At least seven people have been killed in three separate attacks on the northern outskirts of the Iraqi capital, Baghdad, over the past few hours.
Security sources said on Sunday that the overnight attacks targeted the homes of tribal fighters belonging to pro-government Popular Mobilization Units (PMU), known in Arabic as Hashd al-Sha’abi, as well as army barracks in the suburb of Tarmiya.
“Unidentified gunmen attacked the home of a member of the tribal Hashd, killing him, his wife, his son, and mother,” an unnamed police officer said.
A separate attack overnight saw sniper fire hitting an army barracks, killing two members of the security forces, the source added.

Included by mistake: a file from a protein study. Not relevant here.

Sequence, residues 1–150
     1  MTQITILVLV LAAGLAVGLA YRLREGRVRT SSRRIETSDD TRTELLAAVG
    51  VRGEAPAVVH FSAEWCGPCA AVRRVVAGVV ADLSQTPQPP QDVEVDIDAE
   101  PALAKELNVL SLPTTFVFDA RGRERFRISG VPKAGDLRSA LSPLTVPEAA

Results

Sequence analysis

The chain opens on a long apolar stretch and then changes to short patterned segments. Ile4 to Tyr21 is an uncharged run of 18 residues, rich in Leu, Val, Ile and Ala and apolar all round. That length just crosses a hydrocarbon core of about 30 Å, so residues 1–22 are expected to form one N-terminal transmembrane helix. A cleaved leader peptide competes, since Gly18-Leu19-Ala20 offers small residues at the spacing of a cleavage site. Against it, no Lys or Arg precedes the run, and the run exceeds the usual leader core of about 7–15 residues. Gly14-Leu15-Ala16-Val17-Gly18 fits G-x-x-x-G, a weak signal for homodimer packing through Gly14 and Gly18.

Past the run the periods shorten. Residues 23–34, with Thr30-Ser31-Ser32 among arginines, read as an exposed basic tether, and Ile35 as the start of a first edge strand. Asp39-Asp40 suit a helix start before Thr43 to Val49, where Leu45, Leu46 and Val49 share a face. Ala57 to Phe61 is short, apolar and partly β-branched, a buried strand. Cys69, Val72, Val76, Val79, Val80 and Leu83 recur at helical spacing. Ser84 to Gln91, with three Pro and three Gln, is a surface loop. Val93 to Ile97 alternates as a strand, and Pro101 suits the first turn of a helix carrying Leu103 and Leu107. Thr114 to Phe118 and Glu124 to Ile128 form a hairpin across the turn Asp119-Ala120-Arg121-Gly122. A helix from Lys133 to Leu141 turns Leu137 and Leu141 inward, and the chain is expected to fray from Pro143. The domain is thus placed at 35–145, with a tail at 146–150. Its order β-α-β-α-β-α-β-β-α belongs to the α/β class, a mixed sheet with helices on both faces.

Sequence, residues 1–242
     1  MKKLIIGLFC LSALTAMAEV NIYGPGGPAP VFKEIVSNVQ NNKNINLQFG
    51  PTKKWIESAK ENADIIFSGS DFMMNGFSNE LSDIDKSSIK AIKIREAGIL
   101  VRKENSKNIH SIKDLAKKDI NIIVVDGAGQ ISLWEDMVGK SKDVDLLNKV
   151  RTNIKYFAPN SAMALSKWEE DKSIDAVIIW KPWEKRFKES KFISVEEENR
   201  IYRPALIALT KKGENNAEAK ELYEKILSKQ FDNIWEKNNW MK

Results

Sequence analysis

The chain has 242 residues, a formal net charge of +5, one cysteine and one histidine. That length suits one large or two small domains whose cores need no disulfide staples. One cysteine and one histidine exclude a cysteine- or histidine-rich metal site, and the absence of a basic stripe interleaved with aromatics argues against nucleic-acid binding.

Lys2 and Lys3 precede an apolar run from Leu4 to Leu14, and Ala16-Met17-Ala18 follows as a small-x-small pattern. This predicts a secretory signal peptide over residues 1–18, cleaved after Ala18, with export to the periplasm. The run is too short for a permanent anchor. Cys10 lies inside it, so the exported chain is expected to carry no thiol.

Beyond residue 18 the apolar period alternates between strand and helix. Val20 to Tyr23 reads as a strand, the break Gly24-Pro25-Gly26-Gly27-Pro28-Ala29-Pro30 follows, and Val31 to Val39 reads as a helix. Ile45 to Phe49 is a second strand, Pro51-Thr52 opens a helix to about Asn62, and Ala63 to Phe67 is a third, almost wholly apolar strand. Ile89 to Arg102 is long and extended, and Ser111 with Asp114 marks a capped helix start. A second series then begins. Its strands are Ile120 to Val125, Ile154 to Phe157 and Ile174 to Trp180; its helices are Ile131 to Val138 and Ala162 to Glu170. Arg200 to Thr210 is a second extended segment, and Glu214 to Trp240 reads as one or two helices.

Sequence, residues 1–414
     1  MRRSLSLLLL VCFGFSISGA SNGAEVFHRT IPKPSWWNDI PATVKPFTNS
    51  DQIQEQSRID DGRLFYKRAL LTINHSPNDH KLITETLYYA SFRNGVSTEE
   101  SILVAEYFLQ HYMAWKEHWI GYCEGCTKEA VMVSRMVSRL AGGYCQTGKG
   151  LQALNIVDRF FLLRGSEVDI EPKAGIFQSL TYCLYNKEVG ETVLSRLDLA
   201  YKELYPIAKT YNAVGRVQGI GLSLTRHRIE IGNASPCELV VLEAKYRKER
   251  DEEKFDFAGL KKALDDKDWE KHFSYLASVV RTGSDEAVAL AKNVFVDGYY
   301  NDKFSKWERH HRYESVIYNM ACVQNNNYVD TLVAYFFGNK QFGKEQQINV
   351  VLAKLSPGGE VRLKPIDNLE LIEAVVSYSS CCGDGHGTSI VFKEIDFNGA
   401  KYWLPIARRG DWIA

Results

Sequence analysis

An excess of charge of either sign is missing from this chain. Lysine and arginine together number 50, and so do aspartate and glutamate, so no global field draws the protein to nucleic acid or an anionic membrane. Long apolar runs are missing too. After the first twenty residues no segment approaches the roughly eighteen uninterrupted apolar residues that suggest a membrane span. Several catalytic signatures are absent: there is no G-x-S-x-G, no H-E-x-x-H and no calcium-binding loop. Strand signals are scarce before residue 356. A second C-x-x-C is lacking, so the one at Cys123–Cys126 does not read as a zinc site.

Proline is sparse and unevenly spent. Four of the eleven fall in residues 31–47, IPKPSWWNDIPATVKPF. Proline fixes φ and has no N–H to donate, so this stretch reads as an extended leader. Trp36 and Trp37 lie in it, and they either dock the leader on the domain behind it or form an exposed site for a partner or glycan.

And at dawn on Sunday, an assault targeted another tribal Hashd member’s home, killing one.
On Sunday afternoon, security forces announced they had killed one would-be bomber in a village in the same region.
Tarmiya has long been a bastion of the sleeper cells of the Takfiri Daesh terrorist group, which has been militarily defeated in Iraq but which continues to conduct singular attacks.
Daesh launched a major terror offensive in Iraq in 2014, overrunning swathes of territory. Iraqi government forces and allied fighters then launched operations to eliminate the terror outfit and retake lost territory. Iraq declared the end of the anti-Daesh campaign in December 2017.
Iraqi forces have now launched a major operation to hunt down the remnants of Daesh in an area of the country’s western province of Anbar and the central and northern regions of Salahuddin and Nineveh.